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We understand the apostle to be speaking of a vision which he had received of the Lord, some fourteen years before he wrote this epistle. “I knew a man in Christ about fourteen years ago, (whether in the body, I cannot tell; or whether out of the body, I cannot tell: God knoweth;) such an one caught up to the third heaven.” Although he speaks of the man, in the third person, yet by comparing this verse with the seventh verse, we perceive that he was speaking of what he had himself experienced. And this conclusion is in harmony with the theme of his subject in the preceding chapter. His inability to say whether he was in the body or not at the time of that memorable vision, not only gives us the idea of the perfect ecstacy of his mind, but also that it was a purely spiritual exercise, which we infer from his unconsciousness of being in or out of the body at the time. If in the body, the powers of nature were so perfectly subjected and subdued that he, for the time, felt none of its depravity, or opposition to the law of the Spirit of life which is in Christ Jesus, any more than the saints shall feel when perfectly liberated from the corruptions of the flesh.

Mark! He knew a man in Christ, not in Adam, for had this been a fleshly exercise, then it would have affected him as a member of the earthly Adam, but his life in Christ is not earthly nor carnal, but it is spiritual and heavenly, therefore while the new man, which is born of the Spirit, and which is spirit, enjoys the visions of eternal things, the darkness of our earthly nature comprehends them not. In his vision Paul was transported to the third heavens. By the third heavens, we understand the immediate presence of our God, or that state wherein the saints of God shall ultimately dwell. The church under the two covenants or testaments, are the first and second heaven, but the third heaven has reference to the place and condition of the church in her triumphant glory. The hope and faith of God’s children looks to that which is within the veil, whither the forerunner has for us already entered. The glories of that highest heaven, which was disclosed in vision to the favored apostle of the Lamb, were beyond the power of finite beings to describe. The laws of language by which intelligent beings communicate with each other are inadequate, and utterly fail to fully describe that glory, and this is what we understand the apostle to mean when he says he heard unspeakable words, which it is not lawful for a man to utter. God has reserved to himself the power to make these unspeakable things known to his children by his Spirit, and to secure this object he has withheld from man the power to express them, so as to make the subject clear or intelligible to the natural intellect of man. Here we have an immutable law, which governs all revelation of spiritual things. As no man knoweth the things of a man, save the spirit of a man which is in him, even so, or exactly so, the things of God knoweth no man, but the Spirit of God. And the apostle says we have received the Spirit which is of God, that we may know the things which are freely given us of God, and which things are hidden from the wise and prudent; so that the natural man cannot know them because they are spiritually discerned. But he that is spiritual judgeth all things; they have an unction from the Holy One, and they know all things.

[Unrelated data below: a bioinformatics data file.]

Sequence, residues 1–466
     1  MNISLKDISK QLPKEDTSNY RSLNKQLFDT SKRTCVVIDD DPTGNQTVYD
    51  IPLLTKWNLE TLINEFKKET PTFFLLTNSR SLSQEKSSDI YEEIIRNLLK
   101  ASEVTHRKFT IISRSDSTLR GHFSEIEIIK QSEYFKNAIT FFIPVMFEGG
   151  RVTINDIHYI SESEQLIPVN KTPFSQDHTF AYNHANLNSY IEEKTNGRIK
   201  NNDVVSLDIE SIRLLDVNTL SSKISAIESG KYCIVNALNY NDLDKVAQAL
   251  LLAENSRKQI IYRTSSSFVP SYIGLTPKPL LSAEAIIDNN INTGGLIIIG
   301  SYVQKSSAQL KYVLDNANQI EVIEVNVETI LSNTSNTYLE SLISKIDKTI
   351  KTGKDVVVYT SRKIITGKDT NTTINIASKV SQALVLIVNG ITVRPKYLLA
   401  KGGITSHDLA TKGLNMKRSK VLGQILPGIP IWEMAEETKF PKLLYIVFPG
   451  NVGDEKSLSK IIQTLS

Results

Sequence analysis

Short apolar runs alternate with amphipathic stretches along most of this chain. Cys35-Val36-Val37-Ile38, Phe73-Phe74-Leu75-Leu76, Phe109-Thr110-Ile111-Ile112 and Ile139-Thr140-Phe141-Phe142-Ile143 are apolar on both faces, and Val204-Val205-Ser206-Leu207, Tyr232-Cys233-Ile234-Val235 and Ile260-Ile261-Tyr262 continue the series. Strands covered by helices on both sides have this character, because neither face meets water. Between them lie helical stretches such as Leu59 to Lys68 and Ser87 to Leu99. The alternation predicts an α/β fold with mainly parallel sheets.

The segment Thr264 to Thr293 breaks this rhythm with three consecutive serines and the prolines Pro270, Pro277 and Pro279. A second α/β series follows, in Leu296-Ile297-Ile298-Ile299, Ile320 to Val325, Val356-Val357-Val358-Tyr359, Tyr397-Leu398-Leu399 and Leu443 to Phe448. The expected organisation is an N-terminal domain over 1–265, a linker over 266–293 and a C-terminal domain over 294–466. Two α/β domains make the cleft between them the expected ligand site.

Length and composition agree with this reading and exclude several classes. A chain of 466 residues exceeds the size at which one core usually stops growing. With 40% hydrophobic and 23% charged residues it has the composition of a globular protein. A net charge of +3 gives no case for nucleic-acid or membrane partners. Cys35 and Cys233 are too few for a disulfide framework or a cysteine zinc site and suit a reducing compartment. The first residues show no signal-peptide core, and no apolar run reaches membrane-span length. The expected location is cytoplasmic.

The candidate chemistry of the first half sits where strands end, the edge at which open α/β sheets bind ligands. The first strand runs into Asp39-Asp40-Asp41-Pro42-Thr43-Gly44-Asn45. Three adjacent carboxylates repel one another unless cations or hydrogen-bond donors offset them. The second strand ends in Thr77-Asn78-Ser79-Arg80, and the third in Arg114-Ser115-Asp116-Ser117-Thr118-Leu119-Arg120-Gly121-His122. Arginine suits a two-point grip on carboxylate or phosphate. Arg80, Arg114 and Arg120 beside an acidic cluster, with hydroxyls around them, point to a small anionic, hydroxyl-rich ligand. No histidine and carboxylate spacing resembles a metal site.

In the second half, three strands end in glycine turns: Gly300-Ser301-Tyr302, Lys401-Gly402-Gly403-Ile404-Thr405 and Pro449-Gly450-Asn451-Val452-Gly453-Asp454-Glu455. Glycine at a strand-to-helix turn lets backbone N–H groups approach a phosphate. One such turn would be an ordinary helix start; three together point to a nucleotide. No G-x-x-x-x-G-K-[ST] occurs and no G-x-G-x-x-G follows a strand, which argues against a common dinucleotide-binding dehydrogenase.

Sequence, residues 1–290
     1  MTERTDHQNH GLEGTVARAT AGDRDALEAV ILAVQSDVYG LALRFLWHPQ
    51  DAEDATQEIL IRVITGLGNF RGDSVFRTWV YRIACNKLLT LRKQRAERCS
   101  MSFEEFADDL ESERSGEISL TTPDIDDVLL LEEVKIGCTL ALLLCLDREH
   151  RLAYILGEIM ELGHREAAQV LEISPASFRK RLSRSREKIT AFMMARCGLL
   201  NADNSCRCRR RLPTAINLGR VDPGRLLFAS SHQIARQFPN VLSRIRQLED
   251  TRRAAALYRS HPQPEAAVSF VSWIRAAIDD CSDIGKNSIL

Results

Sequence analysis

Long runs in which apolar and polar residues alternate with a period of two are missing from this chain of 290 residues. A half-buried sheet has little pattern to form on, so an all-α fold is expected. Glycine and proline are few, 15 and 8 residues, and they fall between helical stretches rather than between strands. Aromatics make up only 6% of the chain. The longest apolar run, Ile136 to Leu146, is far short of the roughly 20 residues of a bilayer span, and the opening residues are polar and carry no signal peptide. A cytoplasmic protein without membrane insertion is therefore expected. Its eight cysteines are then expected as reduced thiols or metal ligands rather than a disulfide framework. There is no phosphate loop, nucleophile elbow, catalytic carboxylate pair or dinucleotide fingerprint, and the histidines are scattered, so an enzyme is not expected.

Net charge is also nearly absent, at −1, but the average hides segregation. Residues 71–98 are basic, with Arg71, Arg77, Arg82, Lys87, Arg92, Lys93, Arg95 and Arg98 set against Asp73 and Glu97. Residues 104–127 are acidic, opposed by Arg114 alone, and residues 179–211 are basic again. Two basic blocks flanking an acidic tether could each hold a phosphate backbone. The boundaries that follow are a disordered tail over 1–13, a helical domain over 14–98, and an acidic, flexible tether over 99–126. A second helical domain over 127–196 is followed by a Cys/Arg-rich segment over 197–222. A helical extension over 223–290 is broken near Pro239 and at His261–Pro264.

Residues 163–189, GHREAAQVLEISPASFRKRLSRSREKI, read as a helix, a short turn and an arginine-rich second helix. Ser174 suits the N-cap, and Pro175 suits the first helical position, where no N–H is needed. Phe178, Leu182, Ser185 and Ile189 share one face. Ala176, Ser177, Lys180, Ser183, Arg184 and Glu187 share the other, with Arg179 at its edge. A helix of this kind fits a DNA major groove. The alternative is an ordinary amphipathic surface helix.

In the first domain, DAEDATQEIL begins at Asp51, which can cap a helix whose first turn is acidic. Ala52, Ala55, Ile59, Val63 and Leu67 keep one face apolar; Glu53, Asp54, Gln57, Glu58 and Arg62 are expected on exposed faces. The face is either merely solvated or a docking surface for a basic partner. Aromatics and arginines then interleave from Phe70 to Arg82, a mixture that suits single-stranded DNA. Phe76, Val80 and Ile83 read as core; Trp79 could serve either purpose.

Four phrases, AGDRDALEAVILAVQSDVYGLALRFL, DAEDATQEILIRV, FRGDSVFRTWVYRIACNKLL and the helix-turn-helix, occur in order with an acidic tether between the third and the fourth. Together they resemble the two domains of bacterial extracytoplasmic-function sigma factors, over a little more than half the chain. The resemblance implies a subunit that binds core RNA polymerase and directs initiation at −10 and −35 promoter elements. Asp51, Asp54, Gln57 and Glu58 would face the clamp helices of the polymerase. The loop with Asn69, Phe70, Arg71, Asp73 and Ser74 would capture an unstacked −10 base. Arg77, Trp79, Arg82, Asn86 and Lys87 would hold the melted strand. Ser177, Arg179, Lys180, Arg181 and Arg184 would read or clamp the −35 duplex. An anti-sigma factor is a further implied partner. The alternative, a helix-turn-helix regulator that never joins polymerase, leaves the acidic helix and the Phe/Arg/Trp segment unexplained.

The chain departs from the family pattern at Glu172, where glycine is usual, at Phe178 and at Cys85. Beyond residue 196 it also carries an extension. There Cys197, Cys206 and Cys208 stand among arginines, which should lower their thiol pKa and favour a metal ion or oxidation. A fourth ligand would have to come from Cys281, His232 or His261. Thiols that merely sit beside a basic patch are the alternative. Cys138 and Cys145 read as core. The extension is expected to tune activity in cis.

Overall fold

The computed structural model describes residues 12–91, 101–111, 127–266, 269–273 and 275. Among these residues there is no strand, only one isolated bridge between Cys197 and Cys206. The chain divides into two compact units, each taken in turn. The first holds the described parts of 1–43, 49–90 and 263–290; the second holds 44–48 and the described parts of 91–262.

Whether these remarks have touched the particular point on which our correspondent desired to be enlightened or not, we do not know; but such views as we have we freely give. And may we remember the admonition to the saints: If any man lacketh wisdom let him ask of God, who giveth freely to all men, and upbraideth not.

Middletown, N.Y.
February 1, 1858.

Elder Gilbert Beebe
Editorials Volume 4
Pages 58 - 60